The Australian Industry Group has urged the federal government to push ahead with joining China’s specialist infrastructure bank declaring this would make the country an active participant in the changing economic landscape of the region rather than just a bystander.
The business group’s chief executive Innes Willox welcomed signs the government was changing its mind on the institution saying this would position Australia as a player in strategic decision making in regional infrastructure investment and further its regional trade activities.
Treasurer Joe Hockey signalled last Friday that Australia was reconsidering its opposition to the US$50 billion Asian Infrastructure Investment Bank (AIIB) after decisions by New Zealand and the United Kingdom to join.
Then Prime Minister Tony Abbott said at the weekend: “We’re looking very carefully at this and we’ll make a decision in the next week or so.”
The government’s expected decision to join before a Chinese March 30 deadline for foundation member status marks a sharp shift from last year when Mr Abbott aligned with Foreign Minister Julie Bishop to oppose membership after lobbying by the US not to allow China to set the terms of regional economic development.
The Australian shift and the surprise UK decision has imposed new pressure on South Korea, which has been torn between its economic relationship with China and its strategic relationship with the US, a tension which is also seen in Australia.
Issue on agenda
Yonhap news agency reports the South Korean government will make a final decision later this month and The Korea Herald reports that the issue is on the agenda of talks on Monday between senior foreign ministry officials from South Korea and China.
And the JoongAng Daily said in an editorial the UK decision showed: “South Korea should no longer dither. Membership in the AIIB would deliver greater access to a region of 60 nations with 4.4 billion people.”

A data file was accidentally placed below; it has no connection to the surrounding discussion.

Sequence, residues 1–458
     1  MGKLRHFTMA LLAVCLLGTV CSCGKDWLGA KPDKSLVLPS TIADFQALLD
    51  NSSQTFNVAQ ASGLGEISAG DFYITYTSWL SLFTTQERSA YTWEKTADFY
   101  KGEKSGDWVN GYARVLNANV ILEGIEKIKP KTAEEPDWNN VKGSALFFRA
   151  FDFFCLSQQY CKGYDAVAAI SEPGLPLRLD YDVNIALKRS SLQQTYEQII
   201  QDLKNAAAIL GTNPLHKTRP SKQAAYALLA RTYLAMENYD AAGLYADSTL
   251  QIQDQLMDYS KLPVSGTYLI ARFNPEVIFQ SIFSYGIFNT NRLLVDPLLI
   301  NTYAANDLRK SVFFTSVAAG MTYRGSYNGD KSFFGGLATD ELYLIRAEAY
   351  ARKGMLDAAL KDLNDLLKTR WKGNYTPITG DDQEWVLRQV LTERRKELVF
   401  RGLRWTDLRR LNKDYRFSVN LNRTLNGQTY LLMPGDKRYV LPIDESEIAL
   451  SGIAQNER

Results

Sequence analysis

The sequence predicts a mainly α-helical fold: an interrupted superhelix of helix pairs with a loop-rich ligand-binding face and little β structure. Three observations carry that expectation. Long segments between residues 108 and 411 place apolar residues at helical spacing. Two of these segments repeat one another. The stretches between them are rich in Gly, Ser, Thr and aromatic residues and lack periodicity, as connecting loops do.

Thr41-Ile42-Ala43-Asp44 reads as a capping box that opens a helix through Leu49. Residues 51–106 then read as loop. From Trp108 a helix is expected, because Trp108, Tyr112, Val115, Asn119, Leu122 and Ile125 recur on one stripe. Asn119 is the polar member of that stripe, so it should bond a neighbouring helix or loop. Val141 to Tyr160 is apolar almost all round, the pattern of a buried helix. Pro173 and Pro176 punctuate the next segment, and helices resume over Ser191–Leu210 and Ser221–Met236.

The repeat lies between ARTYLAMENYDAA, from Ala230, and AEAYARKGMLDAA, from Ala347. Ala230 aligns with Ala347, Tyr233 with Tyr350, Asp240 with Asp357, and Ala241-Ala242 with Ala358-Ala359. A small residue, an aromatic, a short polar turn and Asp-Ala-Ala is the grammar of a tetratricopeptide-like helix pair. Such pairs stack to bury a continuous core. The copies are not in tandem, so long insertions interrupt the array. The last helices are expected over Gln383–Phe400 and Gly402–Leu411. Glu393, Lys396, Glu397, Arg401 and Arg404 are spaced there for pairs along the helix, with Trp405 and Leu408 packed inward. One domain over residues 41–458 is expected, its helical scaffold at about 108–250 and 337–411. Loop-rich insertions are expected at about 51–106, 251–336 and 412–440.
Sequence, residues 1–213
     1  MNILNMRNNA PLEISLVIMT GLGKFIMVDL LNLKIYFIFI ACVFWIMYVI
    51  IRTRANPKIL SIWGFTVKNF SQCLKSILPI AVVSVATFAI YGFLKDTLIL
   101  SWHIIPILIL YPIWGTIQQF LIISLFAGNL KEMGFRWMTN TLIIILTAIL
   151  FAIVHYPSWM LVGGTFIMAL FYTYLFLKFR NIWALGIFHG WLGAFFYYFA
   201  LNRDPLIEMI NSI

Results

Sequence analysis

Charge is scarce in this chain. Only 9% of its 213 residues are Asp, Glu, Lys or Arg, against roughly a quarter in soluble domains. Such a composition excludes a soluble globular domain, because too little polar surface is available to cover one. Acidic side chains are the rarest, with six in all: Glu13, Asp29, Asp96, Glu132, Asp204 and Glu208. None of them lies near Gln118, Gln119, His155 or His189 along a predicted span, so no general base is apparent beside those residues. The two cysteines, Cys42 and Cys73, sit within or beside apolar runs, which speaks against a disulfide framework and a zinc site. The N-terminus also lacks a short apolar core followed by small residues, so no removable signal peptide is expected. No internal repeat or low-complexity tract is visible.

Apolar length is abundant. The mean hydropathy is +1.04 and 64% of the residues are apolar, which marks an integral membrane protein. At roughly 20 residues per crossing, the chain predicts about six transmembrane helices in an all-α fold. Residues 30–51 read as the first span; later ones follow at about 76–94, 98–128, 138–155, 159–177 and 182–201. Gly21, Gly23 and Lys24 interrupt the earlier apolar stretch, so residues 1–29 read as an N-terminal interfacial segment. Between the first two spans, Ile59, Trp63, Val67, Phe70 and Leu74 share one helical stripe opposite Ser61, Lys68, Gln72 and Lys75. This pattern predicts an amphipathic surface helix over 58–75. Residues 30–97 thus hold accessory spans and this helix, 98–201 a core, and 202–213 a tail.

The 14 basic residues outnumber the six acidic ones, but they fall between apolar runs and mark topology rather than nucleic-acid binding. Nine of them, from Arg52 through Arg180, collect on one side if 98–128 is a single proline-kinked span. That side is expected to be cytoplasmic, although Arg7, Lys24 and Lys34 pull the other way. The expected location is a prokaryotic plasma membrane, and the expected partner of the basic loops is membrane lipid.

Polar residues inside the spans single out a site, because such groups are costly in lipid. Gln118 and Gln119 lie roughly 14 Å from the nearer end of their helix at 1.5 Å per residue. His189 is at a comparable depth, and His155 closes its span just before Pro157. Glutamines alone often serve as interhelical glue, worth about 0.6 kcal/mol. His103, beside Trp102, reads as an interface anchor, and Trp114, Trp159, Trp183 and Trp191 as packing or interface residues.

Meanwhile, Mr Abbott’s comments suggesting Australia was close to becoming a founding member were widely reported across China’s media outlets, including the Communist Party’s mouthpiece, The People’s Daily.
But China has hit back at the US over its criticism of the new infrastructure bank, accusing Washington of putting its own interests above that of its allies.
“Despite a multinational presence within the AIIB, the United States somehow believes its efforts in pooling capital – in other words, contribution to job creation and economic growth – are worrying,” the country’s state-owned newsagency Xinhua, which is often used to express government views, said in a commentary over the weekend.
“Viewing the initiative from its own perspective, Washington once again puts its own concern beyond the interests of others – including some of its allies.”
Woo campaign continues
China continued its campaign to woo wavering nations on Friday by emphasising that the AIIB would learn from the pitfalls of other multilateral lenders, a message that appeared aimed at reassuring countries such as Australia that the bank would follow proper governance standards.
“The AIIB will complement existing multilateral development banks and support the infrastructure and economic development in Asia,” spokesman Hong Lei said at a press briefing.
“Britain’s move will further promote the common development of Asian countries.”
Former Reserve Bank of Australia deputy governor Stephen Grenville has warned that if Australia doesn’t sign up, it will risk once again losing regional diplomatic momentum to New Zealand, which beat Australia to a free trade agreement with China.
“Now that the United Kingdom has decided to become a founding member, the pressure is on the hold-outs to sign up,” said Mr Grenville, now a Lowy Institute for International Policy fellow.